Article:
Australian basketball player Andrew Bogut said that Dokic's story was "absolutely brutal to read".
It was in 2009 that Jelena Dokic revealed Damir had physically abused her when she was growing up.
Former world No 4 Jelena Dokic has revealed the horrific physical and verbal beatings she was subjected to as a player by her father Damir.
Do you remember her career?
Dokic alleged her father whipped her with a leather belt because of a "mediocre training session [or] a loss, a bad mood", and also spat in her face and pulled her hair and ears while kicking her in the shins with pointed dress shoes.
In 2005, after months out of the game struggling with injury and personal problems, Dokic signalled her intention to return to Australia.
Tennis Australia praised Dokic's courage in exposing the abuse.
"There were many in tennis at the time who were concerned for Jelena's welfare, and many who tried to assist with what was a hard family situation", read a statement.
As Australia "reacted with shock" to her "horrifying allegations", the sport's governing body said that "people had lodged police complaints - but without cooperation from those involved, they could not be fully investigated".
"Over the past 10 years tennis has been constantly improving and updating policies to increase protection for children".
"Tennis Australia is working closely with the Australian Childhood Foundation to strengthen the safeguarding of children across the sport".
Damir's alleged constant verbal abuse included calling his teenage daughter a "slut" and "whore". "Once my tears start, they fall thick and fast", Dokic writes.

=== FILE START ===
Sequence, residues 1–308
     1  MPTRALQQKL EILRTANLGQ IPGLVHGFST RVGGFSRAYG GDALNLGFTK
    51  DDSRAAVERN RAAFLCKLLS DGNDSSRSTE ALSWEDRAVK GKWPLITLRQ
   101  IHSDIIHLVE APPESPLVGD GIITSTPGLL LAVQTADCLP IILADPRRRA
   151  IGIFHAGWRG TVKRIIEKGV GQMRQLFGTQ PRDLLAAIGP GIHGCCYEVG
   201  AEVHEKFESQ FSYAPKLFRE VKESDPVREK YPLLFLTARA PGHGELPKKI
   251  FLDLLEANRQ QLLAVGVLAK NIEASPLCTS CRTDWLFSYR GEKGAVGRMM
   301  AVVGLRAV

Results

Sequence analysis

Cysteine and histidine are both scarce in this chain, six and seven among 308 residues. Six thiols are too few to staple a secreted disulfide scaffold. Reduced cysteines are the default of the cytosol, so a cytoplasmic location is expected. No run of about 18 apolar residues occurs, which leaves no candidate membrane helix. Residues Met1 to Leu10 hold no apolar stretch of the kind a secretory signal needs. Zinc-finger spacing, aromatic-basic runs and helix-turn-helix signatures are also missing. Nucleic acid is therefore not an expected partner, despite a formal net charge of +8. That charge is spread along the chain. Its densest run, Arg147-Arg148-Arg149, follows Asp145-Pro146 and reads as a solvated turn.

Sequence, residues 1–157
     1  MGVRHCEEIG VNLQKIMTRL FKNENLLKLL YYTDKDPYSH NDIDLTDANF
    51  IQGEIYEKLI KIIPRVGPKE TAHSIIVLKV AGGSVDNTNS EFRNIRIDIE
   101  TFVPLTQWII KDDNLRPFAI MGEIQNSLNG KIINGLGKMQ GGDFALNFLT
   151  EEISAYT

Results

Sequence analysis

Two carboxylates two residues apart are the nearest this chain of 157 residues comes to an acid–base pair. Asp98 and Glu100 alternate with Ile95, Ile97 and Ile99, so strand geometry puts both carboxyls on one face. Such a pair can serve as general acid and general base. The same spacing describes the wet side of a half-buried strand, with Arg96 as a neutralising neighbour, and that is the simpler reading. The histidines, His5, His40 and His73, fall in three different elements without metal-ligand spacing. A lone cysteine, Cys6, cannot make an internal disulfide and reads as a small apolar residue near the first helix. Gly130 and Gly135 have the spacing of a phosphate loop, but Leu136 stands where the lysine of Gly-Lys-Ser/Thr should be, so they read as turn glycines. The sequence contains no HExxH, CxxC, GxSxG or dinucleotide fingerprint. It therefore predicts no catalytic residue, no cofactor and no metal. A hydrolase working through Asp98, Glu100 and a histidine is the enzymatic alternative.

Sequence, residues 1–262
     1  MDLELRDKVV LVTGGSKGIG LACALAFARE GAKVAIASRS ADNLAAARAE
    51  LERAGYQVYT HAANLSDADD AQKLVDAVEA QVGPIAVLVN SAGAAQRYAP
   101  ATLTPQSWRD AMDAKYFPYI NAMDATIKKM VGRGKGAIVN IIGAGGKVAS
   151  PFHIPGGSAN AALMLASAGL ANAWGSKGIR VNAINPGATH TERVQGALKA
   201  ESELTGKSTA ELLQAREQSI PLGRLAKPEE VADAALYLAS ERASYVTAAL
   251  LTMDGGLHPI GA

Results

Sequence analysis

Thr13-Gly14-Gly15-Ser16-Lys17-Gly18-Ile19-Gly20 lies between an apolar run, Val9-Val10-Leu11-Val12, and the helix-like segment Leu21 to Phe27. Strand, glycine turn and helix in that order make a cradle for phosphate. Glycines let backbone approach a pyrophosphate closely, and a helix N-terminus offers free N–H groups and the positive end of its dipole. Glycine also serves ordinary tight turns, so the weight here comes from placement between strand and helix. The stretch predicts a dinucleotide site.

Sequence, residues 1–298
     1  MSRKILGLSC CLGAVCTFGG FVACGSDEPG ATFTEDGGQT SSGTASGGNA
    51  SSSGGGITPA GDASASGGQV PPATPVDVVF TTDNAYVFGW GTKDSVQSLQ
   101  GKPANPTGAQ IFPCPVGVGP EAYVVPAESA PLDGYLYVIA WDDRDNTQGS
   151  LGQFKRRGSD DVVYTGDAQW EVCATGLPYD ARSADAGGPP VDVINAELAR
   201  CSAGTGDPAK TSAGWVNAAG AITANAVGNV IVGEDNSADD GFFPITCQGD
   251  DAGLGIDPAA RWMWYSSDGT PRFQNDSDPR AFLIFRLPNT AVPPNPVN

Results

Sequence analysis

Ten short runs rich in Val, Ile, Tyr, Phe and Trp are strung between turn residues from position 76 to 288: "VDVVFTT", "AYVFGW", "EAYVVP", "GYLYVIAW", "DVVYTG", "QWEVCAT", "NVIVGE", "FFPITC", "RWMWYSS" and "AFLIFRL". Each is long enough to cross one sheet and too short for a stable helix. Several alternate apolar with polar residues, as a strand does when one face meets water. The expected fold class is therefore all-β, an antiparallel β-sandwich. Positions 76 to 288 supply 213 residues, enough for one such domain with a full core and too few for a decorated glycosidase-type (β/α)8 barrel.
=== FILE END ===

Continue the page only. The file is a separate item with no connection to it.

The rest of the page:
"He said that I was a disgrace and an embarrassment that I couldn't come home". 'I agree. I went overboard.
"I don't think he understands the things he has done".
Dokic admits conflicting emotions surfaced in the time spent compiling the autobiography and choosing to tell her story properly for the first time.
Dokic stunned the world when as a 17-year-old ranked 129 in the world, she beat World Number One Martina Hingis at Wimbledon.
One of the biggest frustrations was being forced to tell lies on behalf of her father. I stand in my bra, my back to him, and he orders me not to move as he hits me.
During the program both Ellis and Slater questioned what Tennis Australia was doing to ensure things like this never occur again.
"It was a really nasty memory that will stay with me forever". These were not my thoughts and my decisions really. I copped it all and I had to do all the, let's say, all the dirty work. It hurts a lot less when you have your shirt on and that's why he makes me take it off. "At that stage I received a lot in terms of funding, and a lot of help from Australia".
In the book, Ms Dokic also writes about her experience as a young refugee after her family arrived in Australia from the former Yugoslavia in 1994.
"Could I have been the world No.1?"